5.  Be a better parent.  Gulp...don't know about this one.  I hope I was, but I also know that I was far from perfect.  I tried to yell less, engage more, and not send them all to bed every night huffing and puffing.  Just keep working on it.



Long winded, much?

Next year I want to read books, run miles, and have better relationships--with everyone, since I tend to be a people-hating introvert. 

Wednesday, November 25, 2015

cross country: regional meet

Clark and Oliver ran in the regional race on Saturday.  After several races won, we were curious to see how he would perform against the best of another state.  I think he started out too fast, he doesn't like to run behind other people, so he led from the beginning.  I couldn't see them loop around the lake, but coming up the hill to the finish, Clark was in second and did not look happy.  He was on the verge of tears, which for him means a) he is losing, b) he doesn't "feel well," or c) he's afraid.  Coming to the finish line, he knew he wasn't going to be first, so he slowed just enough to let the kid behind him pass him.  The top three came in at 7:38, 7:39, and 7:40.  So close (and one second behind his time last week when he won--so really, there wasn't much he could have changed).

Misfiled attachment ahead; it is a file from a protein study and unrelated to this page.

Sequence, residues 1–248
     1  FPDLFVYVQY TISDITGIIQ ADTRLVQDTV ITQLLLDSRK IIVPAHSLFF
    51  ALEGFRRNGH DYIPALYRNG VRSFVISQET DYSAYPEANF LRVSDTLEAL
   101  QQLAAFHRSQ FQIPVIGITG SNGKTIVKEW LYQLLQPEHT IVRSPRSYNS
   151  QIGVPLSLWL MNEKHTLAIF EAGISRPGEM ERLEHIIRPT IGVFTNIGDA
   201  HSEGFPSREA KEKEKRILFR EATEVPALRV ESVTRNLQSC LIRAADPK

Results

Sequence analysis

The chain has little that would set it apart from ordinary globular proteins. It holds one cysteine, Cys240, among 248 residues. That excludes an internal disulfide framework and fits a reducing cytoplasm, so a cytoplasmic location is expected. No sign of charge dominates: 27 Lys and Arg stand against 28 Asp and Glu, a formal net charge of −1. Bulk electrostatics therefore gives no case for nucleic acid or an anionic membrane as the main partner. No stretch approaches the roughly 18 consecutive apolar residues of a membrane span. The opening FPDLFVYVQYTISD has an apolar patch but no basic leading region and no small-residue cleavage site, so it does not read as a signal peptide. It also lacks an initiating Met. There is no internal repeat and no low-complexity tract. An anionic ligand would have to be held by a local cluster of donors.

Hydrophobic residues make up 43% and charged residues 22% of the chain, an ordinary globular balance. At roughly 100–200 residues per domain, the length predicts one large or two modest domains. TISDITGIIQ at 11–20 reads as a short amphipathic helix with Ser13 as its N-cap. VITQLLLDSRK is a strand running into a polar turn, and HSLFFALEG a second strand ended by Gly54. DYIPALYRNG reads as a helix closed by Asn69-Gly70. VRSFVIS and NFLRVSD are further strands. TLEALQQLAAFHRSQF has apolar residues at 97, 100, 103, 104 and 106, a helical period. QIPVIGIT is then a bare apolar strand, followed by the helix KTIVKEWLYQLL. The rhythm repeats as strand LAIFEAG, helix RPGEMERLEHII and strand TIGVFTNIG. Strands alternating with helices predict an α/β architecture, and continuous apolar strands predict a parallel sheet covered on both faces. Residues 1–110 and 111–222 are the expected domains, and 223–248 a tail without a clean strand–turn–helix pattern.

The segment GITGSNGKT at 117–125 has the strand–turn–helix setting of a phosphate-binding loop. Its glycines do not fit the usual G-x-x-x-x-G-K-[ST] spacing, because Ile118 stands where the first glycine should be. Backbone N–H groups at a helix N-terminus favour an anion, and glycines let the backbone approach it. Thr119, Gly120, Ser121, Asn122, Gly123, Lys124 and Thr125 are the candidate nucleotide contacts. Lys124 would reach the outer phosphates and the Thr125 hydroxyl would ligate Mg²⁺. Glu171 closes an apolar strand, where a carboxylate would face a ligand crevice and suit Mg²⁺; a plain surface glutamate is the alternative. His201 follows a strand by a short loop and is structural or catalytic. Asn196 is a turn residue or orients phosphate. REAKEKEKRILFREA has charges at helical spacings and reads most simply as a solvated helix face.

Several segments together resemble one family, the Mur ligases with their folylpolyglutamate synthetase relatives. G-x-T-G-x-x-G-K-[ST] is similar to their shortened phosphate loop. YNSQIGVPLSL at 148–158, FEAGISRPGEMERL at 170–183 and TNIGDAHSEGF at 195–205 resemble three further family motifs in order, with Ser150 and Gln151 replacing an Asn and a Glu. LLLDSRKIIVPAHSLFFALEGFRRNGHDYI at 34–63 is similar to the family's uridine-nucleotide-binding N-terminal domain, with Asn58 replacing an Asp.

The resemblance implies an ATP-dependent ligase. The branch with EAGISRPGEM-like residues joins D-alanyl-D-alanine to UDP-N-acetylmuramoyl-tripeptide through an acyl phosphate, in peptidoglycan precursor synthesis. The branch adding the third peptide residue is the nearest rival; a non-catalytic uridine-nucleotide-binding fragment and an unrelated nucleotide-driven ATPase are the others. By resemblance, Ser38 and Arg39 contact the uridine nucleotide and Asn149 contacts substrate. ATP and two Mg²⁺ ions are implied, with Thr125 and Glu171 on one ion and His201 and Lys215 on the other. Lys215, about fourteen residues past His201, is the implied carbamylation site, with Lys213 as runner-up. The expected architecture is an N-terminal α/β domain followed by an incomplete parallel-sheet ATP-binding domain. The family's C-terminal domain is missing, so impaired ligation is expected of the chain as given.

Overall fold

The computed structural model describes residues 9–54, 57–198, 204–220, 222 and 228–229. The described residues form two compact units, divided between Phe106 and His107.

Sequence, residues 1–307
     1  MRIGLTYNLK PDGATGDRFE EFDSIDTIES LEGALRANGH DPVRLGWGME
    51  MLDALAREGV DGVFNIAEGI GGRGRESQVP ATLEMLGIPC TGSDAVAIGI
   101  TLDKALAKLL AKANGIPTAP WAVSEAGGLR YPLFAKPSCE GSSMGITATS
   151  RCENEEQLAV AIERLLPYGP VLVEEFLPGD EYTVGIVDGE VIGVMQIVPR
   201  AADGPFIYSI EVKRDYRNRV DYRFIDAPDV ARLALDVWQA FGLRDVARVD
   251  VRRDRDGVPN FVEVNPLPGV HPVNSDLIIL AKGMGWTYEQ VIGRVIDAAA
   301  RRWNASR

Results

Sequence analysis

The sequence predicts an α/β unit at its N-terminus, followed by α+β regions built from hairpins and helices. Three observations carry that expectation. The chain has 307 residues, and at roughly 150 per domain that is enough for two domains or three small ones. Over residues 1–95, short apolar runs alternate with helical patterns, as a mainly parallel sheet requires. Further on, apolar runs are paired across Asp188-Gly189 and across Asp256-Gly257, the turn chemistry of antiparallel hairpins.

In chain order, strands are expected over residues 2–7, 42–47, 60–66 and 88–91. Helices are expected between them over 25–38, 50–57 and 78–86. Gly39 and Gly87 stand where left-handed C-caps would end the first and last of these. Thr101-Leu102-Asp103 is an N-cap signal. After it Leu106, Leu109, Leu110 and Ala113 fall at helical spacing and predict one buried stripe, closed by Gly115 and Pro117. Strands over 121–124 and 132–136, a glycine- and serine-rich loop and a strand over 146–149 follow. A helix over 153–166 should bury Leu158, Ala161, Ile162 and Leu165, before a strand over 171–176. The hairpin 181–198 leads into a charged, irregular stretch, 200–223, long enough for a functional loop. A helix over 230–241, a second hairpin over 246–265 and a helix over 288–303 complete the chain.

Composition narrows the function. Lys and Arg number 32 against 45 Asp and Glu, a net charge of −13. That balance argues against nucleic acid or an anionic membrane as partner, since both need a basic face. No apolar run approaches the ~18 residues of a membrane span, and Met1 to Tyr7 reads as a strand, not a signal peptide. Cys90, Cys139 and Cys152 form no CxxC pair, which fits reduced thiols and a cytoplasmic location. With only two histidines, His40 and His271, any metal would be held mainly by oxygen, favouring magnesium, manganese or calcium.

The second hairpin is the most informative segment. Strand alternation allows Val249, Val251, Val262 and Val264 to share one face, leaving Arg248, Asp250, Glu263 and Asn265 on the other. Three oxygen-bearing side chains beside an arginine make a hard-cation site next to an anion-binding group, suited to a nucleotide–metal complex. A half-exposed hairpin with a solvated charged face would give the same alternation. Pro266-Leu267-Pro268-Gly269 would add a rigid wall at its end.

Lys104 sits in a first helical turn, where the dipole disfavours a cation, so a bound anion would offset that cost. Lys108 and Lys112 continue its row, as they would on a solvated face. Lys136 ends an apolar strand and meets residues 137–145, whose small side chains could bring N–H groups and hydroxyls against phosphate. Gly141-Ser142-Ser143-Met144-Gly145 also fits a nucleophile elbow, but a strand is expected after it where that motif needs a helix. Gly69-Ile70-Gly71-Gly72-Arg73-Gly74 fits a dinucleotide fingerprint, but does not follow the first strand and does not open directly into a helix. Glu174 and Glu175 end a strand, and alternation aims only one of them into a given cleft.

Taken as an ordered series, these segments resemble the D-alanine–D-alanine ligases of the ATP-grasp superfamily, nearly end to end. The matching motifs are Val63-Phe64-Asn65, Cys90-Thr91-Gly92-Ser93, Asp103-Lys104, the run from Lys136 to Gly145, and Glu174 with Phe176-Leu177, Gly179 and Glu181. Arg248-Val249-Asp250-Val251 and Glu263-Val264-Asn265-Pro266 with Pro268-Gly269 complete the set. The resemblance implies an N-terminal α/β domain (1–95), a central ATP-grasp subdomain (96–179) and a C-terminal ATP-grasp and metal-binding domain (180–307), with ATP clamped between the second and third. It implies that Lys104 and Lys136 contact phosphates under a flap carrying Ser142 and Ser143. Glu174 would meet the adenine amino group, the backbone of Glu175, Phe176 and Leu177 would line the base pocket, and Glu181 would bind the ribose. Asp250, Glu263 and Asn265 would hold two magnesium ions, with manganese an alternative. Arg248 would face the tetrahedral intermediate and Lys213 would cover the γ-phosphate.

Oliver fell down at some point, but picked himself up and kept on going.  At the final straightaway, I was cheering for him and he smiled and passed the boy in front of him.  The rest of their team finished well and they took second place.


A lot of our Flash team did well, placing in the top 30 and/or winning team medals.  Again, we've decided not to go to New Mexico to compete in Nationals because it's pretty far and expensive, but I think Corey and I decided to let Clark go to the national meet in Alabama in two weekends.  I'm really ready to have some time off, so this week they'll only go to practice one night before we head to Florida for Thanksgiving with my family.